Are my running shoes ruining my running form?
A pair of runners feet, wearing pink running shoes, doing running form drills

When it comes to running shoes and their impact on running form you will find much conflicting advice. Are minimalist shoes great or do they promote injuries? What about thick soled, Maximalist shoes? Are there other factors to consider? Even scientific studies are sometimes contradictory as it is often hard to create representative running conditions or have participants that represent a variety of abilities and running styles.

So we were excited to find a scientific review of many studies on how running shoes impact running form and performance. This study bi Xiaole Sun et al., published in the Journal of Sports Science & Medicine, reviewed 63 studies that met strict quality criteria and provides us with one of the  most authoritative views on running shoes and how they influence running form and running performance.

Here are some key take aways.

✅Running shoes impact running economy, even the way you lace your shoes can have an impact. So it was found that a 7 eyelet lacing pattern is more stable and results in lower loading rates and higher comfort than 6 eyelet patterns. So use that extra eyelet on your running shoes!

✅Studies on footwear are not always conclusive but a few trends come back in multiple studies: Harder mid- soles, especially in the fore-foot area and overall stiffer shoes are good for performance, resulting in shorter ground contact times.

✅However softer midsoles can reduce impact forces and loading rates, yet they reduce the feeling for the ground (plantar sensations at touchdown). Having said that in another study maximalist shoes (shoes characterized by a thick, cushy mid-sole) lead to higher peak impact forces and loading rates, even after a program of transitioning from traditional to maximalist shoes.

✅Minimalist shoes (Usually less cushioning, lower toe to heel drop) lead to higher use and loades of the Achiles tendon, and ankle and promotes midfoot and/or forefoot running with smaller foot strike angles which helps with running speed and reduces the loading of the knee compared to conventional shoes. If runners transition too quickly from conventional shoes to minimalist shoes they risk injuries on the forefoot (eg. forefoot stress fractures, shin’s and calves).

Other than these scientific comparisons there are common-sense tips for buying shoes that have stood the test of time:

✅Give your feet room to move – ensure that the toes can spread and the toe box is wide enough. This is especially important when running downhills. Also buy shoes ideally in the afternoon – when your foot is often wider than in the morning.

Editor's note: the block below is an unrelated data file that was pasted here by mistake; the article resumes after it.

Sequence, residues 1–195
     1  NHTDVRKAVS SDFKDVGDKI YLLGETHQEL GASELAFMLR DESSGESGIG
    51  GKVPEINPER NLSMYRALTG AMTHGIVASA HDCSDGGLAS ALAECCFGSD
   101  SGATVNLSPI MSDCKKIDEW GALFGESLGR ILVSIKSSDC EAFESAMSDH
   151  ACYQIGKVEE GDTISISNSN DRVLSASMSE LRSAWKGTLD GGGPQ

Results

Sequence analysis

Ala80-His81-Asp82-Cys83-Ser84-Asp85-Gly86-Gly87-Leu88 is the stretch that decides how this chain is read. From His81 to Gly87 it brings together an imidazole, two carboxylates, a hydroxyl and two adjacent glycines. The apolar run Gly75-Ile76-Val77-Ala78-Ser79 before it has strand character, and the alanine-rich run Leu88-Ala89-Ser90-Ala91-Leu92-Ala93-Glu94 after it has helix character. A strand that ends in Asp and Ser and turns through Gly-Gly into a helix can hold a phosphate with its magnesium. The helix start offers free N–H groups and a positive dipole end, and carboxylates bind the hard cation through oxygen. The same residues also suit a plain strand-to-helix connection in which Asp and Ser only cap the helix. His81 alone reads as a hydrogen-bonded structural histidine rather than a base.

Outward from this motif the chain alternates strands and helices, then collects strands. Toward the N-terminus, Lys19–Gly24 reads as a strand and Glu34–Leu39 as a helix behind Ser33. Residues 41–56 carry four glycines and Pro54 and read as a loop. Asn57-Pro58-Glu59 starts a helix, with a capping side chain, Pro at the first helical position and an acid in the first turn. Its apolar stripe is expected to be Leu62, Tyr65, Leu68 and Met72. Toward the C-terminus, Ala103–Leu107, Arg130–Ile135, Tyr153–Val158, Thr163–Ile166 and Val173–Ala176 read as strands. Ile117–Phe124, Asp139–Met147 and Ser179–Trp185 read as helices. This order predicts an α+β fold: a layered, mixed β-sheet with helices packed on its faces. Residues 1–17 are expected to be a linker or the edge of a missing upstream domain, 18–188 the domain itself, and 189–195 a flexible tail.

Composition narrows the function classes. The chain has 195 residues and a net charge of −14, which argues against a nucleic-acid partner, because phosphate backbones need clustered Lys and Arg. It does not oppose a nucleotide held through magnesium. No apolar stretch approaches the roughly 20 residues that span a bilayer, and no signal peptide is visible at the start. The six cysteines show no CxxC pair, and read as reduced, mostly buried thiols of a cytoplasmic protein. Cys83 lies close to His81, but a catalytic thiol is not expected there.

✅ While we have learned that harder shoes are good for performance it may be beneficial to skip carbon plate shoes in training. While these shoes come with performance benefits, using them in every run can change your gait pattern, preventing your muscles from normally engaging with your movements, and potentially weakening your feet.

✅Consider the ground you are running on. When trail running you may want an extra grippy sole that clings to wet rocks and protects you from sharp gravel, or with large lugs that will propel you forward even on muddy trails. On track or roads you might prefer a lighter shoe, as lighter shoes also help with running performance.

✅ Alternate your shoes, particularly if you are a high-mileage runner. This way your feet are stimulated slightly differently from session to session, eventually cutting down on repetitive use injuries.

✅When in doubt choose the shoe that fits you most comfortably – the fastest shoe will stop being an advantage if you have to slow down or walk due to blisters or other discomfort.

So to summarize, here are some key conclusions.

📝 When selecting shoes you need to consider your current footwear and make any changes gradually to avoid injury from a significant change in shoe style and related change in forces on your body while running. 

📝 If you are looking for performance shoes with a stiffer fore-foot construction and a lighter shoe may be beneficial. 

📝 Minimalist shoes can have a positive impact on your running form but need to be handled with care as a too quick transition before the body can adapt is likely to lead to injury.

📝 Also runners with existing knee pain may benefit from minimalist shoes due to lower knee loading forces, while runners with Achilles tendon, calf or shin issues may see a deterioration of their conditions.

📝 Finally use common sense when choosing your shoe – consider your running conditions and comfort.

Ultimately shoes have some impact on running form but by far the biggest influence comes from what’s in these shoes – you! That means working on endurance, mobility and running form will ultimately create the biggest difference in your running. Check your running form and get the right exercises to improve at